AMBASSADOR LAGON: We're talking about a situation where someone is either manipulated or physically controlled. Sometimes it's their passport being taken away, sometimes they've been offered a chance to move to another country to work by a shark, a labor recruiter. And the fee that they pay the recruiter becomes debt bondage, becomes the leverage that --

MR. MCCORMACK: Right. So they have to pay that off and there's no way --


MR. MCCORMACK: -- because of – because they're not earning enough wages or --

AMBASSADOR LAGON: And sometimes that person is caught in forced prostitution.


AMBASSADOR LAGON: Sometimes that person is a construction worker or a (inaudible).

MR. MCCORMACK: Right. Is there a profile for the victims that are targeted in this? Is there -- can you see a pattern over time? Is it young people? Is it older people? Is it women and children? What sort of patterns do you see?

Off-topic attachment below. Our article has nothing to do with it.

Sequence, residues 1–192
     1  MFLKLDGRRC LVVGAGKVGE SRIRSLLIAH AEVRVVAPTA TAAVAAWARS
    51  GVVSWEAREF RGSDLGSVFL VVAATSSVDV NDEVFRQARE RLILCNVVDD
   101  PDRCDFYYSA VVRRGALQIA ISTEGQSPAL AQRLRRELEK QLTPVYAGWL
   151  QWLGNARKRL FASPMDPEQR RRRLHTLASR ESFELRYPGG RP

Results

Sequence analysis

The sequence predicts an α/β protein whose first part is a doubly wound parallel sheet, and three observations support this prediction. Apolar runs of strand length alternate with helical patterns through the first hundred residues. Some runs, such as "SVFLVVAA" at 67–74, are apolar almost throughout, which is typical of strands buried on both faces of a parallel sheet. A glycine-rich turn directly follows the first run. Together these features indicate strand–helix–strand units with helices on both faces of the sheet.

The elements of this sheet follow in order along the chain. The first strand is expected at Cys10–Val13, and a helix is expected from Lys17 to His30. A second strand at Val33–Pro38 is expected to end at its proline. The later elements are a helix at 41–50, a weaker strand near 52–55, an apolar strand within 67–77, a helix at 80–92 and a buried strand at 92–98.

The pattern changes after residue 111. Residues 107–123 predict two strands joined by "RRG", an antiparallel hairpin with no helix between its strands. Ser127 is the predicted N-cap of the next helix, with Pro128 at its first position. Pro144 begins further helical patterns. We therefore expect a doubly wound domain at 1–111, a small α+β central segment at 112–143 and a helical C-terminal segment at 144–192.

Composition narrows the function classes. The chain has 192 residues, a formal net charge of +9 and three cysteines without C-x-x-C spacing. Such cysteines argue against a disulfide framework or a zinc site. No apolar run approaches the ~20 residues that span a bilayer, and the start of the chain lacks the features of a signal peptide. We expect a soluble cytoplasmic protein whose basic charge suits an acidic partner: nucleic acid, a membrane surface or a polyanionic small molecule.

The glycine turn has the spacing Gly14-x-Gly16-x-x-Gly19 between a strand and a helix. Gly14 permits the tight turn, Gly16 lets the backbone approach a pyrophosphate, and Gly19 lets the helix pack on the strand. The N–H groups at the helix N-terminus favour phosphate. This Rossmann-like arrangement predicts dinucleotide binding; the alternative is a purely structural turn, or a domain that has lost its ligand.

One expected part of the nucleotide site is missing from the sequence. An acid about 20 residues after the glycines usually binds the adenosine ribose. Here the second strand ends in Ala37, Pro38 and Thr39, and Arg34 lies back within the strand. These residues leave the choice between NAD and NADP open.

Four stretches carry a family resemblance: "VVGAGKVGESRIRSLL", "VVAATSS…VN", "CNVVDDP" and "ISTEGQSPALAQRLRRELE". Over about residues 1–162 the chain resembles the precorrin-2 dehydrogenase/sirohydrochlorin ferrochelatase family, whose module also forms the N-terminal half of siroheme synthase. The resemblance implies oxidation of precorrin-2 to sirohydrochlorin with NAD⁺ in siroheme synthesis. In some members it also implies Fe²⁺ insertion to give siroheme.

AMBASSADOR LAGON: Oftentimes, people say that economic desperation and poverty are the key, but the -- and that is the profile, some people who are -- have a hope for a better life, then, that they get fooled or trapped into the situation of human trafficking. But it's not enough to say that poverty is the main problem. It takes a criminal, it takes a sadistic person, it takes a corrupt official to make it happen as the catalyst.

You asked about women and children. We have an estimate that about 800,000 people are cross-border trafficking victims each year. About 80 percent of those are women, and up to half of them are children, minors. So there are a lot of women and children who are victimized.